Tightrope Tandem—Decision Making in the Teen Years
By David Brandt Berg, adapted
By the time children reach their early teens, they have grown to nearly the physical stature of adults, but often still think and behave like children. That’s the age when a lot of young people do wild, crazy things and get into trouble, and of course if they start going that direction and no one is there to help turn them around, things are likely to go from bad to worse.
Teens are at the age of decision, and that’s a troubling, perilous time. They’re trying to find their place in life, where they fit, and it worries them. They can be pretty difficult to live with, and they even find it difficult to live with themselves, because they are in a quandary, in a state of flux. They can be very idealistic, and at the same time very critical of their parents and other adults who aren’t perfect.
Making the transition from childhood to adulthood can be like walking a tightrope, a high wire, and teens need someone there, a parent or other strong role model, to help them find their footing and steady them as they cross over.
Teenagers may not act like it, but they actually want leadership, they want direction, and they know they need it. They want help, but you’ve got to win their confidence. They’ve got to know that you love them and are trying to help them.
When children become young teenagers, they start wanting to make their own decisions and run their own lives. That’s a natural part of coming into adulthood. Of course, by that time their parents should have taught them how to make right decisions, and if they haven’t, things are likely to go haywire. When that happens it may seem like it’s too late, but better to start late than not at all—and it’s never too late, with God’s help.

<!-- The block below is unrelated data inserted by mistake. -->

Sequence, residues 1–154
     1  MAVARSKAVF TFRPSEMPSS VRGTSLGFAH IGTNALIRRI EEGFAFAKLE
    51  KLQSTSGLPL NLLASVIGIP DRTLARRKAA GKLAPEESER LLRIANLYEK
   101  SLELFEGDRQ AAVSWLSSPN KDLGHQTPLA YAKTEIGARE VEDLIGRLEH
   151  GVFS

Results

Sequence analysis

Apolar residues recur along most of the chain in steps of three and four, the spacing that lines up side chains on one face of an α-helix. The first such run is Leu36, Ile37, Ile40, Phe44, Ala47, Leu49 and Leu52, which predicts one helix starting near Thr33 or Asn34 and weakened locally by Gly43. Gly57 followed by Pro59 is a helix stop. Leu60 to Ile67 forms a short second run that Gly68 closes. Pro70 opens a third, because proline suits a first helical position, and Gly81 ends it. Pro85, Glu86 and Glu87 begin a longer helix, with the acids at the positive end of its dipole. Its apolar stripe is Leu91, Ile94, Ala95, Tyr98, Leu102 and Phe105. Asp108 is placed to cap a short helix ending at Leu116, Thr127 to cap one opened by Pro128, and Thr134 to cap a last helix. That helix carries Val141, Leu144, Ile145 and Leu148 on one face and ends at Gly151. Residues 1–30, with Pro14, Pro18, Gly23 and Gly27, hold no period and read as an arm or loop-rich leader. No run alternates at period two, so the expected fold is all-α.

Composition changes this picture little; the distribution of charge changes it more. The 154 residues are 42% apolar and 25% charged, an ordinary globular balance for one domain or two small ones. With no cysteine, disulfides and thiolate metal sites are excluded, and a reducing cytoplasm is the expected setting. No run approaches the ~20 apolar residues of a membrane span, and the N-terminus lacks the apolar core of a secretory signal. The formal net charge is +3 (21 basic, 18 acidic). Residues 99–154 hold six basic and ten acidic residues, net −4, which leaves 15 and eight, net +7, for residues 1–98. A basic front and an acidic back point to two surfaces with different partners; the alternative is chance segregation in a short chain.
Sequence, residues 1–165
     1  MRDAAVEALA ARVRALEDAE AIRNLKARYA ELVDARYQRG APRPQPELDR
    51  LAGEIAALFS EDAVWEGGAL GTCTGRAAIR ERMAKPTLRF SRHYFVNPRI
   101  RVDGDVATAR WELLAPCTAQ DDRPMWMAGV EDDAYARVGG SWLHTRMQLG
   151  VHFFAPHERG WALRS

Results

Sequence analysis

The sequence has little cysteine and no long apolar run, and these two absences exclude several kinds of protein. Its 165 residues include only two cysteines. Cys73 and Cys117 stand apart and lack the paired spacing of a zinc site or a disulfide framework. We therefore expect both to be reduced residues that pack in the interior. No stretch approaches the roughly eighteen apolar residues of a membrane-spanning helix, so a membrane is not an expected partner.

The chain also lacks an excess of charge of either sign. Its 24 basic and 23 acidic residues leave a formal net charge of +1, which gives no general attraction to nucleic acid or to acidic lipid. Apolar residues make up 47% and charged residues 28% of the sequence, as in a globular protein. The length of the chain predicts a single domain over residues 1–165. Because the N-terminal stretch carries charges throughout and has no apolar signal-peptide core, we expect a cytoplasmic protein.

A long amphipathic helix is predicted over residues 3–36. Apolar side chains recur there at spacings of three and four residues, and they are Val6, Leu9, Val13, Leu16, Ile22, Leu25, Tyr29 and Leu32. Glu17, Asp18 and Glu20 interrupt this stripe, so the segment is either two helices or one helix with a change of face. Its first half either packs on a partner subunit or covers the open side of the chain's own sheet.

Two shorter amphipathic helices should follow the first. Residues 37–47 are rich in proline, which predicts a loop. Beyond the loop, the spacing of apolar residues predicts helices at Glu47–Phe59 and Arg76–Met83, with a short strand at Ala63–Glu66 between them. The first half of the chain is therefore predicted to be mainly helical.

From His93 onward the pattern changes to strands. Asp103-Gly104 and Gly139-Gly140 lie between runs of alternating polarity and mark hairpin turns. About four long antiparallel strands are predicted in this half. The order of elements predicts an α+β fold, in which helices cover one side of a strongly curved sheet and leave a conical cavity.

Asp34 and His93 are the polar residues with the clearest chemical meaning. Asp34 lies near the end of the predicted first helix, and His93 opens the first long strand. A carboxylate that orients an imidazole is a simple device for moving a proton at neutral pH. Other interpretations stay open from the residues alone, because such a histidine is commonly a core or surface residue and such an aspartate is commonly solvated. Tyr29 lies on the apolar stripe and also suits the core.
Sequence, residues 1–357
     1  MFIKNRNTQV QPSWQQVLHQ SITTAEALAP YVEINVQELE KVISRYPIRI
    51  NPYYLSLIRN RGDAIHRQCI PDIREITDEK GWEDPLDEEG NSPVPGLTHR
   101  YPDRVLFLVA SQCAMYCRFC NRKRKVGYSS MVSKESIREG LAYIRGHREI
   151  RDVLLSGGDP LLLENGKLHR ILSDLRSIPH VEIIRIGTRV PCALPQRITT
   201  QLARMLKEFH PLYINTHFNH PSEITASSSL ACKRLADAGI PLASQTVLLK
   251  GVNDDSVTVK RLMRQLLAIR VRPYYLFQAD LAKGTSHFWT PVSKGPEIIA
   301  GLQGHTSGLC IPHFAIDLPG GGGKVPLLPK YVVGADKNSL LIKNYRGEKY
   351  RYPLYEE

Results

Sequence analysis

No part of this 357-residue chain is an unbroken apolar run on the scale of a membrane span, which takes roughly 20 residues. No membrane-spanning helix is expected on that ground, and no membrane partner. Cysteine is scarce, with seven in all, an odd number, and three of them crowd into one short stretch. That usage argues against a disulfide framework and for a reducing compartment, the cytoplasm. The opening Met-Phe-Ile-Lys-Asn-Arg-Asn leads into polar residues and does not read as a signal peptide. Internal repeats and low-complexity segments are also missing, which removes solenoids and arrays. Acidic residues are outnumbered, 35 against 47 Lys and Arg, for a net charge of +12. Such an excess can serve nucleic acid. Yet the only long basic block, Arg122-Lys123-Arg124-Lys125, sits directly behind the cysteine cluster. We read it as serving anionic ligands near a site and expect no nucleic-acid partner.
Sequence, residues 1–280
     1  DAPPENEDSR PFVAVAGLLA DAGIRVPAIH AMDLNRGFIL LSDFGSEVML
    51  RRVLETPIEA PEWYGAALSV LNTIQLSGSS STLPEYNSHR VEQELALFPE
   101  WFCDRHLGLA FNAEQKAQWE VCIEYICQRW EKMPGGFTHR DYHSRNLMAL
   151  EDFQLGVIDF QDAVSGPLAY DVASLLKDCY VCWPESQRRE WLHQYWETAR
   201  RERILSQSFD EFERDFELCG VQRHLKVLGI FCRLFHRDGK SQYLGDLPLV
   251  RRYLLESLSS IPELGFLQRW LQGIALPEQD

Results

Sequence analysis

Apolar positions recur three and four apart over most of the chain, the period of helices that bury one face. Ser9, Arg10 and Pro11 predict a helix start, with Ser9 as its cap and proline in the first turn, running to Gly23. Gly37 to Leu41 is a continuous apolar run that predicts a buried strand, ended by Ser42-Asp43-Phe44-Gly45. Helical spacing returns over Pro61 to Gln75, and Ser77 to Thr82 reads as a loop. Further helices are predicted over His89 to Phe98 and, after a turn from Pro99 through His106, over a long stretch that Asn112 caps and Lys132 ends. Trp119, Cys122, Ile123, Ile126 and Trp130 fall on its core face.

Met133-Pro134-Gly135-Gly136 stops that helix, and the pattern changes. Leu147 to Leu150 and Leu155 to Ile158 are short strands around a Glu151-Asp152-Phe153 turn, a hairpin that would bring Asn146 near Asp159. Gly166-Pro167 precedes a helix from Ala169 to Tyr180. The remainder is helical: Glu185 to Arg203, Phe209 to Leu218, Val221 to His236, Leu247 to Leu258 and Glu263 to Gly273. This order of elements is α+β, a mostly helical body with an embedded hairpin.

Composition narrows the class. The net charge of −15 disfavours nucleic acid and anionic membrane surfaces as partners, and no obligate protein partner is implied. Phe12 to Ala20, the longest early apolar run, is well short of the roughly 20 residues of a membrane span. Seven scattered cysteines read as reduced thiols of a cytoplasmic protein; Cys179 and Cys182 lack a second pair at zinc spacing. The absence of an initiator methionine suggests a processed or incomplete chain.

When my first four reached their teens, I tried to guide them through the decision-making process, but then I’d get them to make their own decisions. I’d say, “You know what’s right and what’s wrong. What do you think you ought to do?”
They’d often try to get me or their mother to make the decision for them, so they wouldn’t have to take the blame if things went wrong. Or they’d try to persuade us to say yes to them doing something that they knew they shouldn’t do, so we’d be guilty and not them.
But I would tell them, “Don’t ask me. You know what’s right and wrong. What do you think you should do?” Afterwards they were usually glad that we made them decide, because they knew that was the way it was supposed to be and it helped them feel trusted and respected, which is a very important thing at that age.
Most of the time they knew what was right, and they wound up making the right choices. Even after they had made a wrong choice or two, they usually turned around and made the right one after a little wisely presented advice. I believe that most teens will do the same, if shown enough love and patience and understanding.
Parenting or mentoring teens is a difficult, sacrificial, and sometimes scary job, but it also has thrills and rewards that are all its own.
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